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Centerville resident Ann Allred met her cousin Edwina Shively in person only once. That visit convinced Shively and other family members, when it was time for the family Bible to change hands, those hands should be Allred’s.
When the cousins met briefly in Florida, it was evident to Shively that Allred’s devotion to family history ran deep. The Utahn has dedicated much of her life to seeking out her kin and adding their names to the list of those for whom LDS temple work has been completed. Talk to Allred for five minutes, and you’ll find yourself ensconced in her genealogical adventures.
Because Allred’s mother had grown up in Florida, she looked at the rare visit with her cousin as an opportunity to seek answers to the many questions she had about her family roots there.
Shively was the caretaker of the Humphrey family’s Bible, printed in 1881 by the American Bible Publishing Co. at 22 Park Place in New York. Previous caretakers of the precious volume had dutifully recorded family data going back to the mid-1800s. Each new caretaker kept up the tradition, adding births, deaths and marriages as they occurred. The last entry under “births” was for Thomas Jacobson Smith on March 7, 1947 — Allred’s brother. The marriage of her parents, Kathryn Ann Humphrey and Thomas Earl Smith, on Oct. 1, 1944, is also recorded.
The old volume shows how handwriting has evolved since the 1800s. The first records in the Bible display skillful calligraphy, while the most recent show modern handwriting.
The Bible ended up in Centerville after Shively died and her husband remembered how engrossed in family history their one-time visitor had been. Through several contacts, the family offered the care and keeping of the heirloom to a delighted Allred.
It arrived in sad shape, the effects of more than 100 years of handling. The spine was damaged from being shipped upright, and mold was creeping into the pages, probably from being stored in a damp place. Allred began immediate resuscitation with the help of a Salt Lake City company that restores old manuscripts.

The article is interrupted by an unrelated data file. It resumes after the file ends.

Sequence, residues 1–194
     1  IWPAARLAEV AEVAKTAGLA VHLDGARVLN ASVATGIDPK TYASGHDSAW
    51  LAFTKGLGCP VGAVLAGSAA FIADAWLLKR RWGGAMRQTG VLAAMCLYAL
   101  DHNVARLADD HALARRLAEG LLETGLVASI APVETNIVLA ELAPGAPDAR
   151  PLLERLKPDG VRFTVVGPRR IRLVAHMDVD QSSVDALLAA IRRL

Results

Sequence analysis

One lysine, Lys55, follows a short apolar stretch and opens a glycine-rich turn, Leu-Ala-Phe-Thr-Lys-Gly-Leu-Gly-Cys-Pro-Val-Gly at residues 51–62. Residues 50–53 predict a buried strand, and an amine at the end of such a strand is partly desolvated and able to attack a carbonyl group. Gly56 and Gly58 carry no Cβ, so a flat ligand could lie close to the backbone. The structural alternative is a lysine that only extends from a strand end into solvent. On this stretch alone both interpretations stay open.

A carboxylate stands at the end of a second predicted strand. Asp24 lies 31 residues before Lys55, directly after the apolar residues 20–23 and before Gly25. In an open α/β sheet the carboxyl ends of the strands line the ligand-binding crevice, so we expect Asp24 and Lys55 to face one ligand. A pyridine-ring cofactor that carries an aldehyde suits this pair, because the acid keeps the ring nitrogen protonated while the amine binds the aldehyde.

The spine cover was removed, reinforced and restored, and pages were treated to stop mold. Several hundred dollars later, it was in better shape.
Besides the family history that makes this Bible worth its weight in gold (it’s heavy and not the sort of thing you would want to tote around), it is a good example of how Bibles used to be published. It includes several sections: the Old and New Testaments, wonderfully illustrated; a collection of apocryphal works; a beautiful replica of the “Great Commandments” and the Ten Commandments in vivid colors highlighted with gold; a section outlining abbreviated facts about the world’s foremost religions, including a late-1800s take on Mormonism; and sections on history and geography.
If you were a 19th century family that could afford only one book, this would be the one to have.
Maybe your family doesn’t have a family Bible, but you may have tucked away an old manuscript, document, diary or other significant item.
This column is the first of several in coming weeks that I’ll share about the proper care and restoration of printed materials.
Twila Van Leer is a former Deseret News editor and staff writer who serves as a family history missionary.
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